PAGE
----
I stopped going to breastfeeding support groups because of how difficult it was to connect with the women who were breastfeeding. There was an unspoken pressure to not give up and continue to put the baby to the breast. Meanwhile pumping and giving her bottles worked great. It was the solution to all of our problems. Putting Gwyneth to my breast only brought back all the emotions of failure, so I finally gave up trying and embraced an exclusive pumping lifestyle, which lasted 10 and a half months.
I am proud to say that Gwyneth received her recommended one-year of breastmilk. As awful as it may have been, pumping made it possible for Gwyneth to get that year’s worth. It may have been unconventional and not the way we had planned, but the end result is the same, Gwyneth will most definitely be a genius (it’s true, I’ve read what the statistics say).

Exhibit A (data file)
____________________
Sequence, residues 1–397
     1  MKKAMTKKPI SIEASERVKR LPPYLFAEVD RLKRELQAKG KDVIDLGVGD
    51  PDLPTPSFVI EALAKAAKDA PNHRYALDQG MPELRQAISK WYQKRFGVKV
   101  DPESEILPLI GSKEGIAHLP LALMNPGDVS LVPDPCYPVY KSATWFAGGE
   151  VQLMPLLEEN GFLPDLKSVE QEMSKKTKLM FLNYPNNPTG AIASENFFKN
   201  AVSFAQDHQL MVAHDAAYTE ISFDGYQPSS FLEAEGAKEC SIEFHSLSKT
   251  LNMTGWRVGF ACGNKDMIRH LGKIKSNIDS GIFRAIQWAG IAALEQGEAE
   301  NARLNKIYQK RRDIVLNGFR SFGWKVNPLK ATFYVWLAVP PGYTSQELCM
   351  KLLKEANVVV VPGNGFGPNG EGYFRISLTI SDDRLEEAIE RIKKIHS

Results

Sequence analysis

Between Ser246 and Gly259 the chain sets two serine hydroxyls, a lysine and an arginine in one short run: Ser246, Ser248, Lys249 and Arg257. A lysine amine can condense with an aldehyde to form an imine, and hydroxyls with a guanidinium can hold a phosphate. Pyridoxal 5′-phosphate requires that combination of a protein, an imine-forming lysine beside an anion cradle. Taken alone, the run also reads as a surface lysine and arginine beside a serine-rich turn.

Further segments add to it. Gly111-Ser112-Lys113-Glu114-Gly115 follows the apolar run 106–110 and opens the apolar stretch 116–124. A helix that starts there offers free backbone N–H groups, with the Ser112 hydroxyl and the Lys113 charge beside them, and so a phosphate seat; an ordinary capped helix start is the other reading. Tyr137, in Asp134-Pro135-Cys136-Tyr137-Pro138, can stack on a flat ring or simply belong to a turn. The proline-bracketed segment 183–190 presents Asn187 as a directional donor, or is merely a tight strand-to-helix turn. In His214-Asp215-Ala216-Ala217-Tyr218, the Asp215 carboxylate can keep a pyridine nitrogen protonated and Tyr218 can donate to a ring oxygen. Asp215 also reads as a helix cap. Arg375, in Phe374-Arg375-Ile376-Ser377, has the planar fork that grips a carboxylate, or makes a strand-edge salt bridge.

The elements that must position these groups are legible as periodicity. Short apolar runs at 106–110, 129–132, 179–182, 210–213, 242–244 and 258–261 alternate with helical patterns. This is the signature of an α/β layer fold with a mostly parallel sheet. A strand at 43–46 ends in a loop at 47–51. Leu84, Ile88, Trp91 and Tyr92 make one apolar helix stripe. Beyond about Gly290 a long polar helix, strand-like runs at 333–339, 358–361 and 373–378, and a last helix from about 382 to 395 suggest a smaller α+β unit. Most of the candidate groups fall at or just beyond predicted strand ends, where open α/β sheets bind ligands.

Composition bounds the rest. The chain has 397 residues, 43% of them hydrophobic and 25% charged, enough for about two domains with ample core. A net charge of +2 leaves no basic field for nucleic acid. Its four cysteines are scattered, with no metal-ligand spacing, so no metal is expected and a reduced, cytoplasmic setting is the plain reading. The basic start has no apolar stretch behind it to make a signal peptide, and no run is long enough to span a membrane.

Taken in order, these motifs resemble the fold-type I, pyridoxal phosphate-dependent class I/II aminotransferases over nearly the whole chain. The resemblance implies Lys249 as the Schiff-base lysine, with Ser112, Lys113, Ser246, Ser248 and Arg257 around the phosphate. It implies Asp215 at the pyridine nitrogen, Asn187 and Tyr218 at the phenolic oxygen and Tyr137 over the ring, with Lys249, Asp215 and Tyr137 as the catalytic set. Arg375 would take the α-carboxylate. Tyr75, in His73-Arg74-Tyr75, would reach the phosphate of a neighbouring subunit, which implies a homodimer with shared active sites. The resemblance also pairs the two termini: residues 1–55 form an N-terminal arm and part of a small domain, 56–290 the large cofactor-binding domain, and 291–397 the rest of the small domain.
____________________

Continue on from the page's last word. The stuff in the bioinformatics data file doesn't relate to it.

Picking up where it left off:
It was equally as difficult on my family. My husband helped in anyway he could, watching his wife and baby go through a struggle he could do nothing about. Not to mention how he had to listen to my incessant whining about pumping for an entire year (and never snapped once). The dude deserves a medal for this alone. Had it not been for his support and dedication to the cause I would’ve thrown in the towel during the first week.
There was a time when I was completely heartbroken that my baby wouldn’t nurse. I cried many tears of frustration and self-doubt over what I thought would be second nature. But in the end it all worked out and I couldn’t be more proud of myself. Also you can bet your bottom dollar we will have a paid lactation consultant waiting upon our next child’s arrival.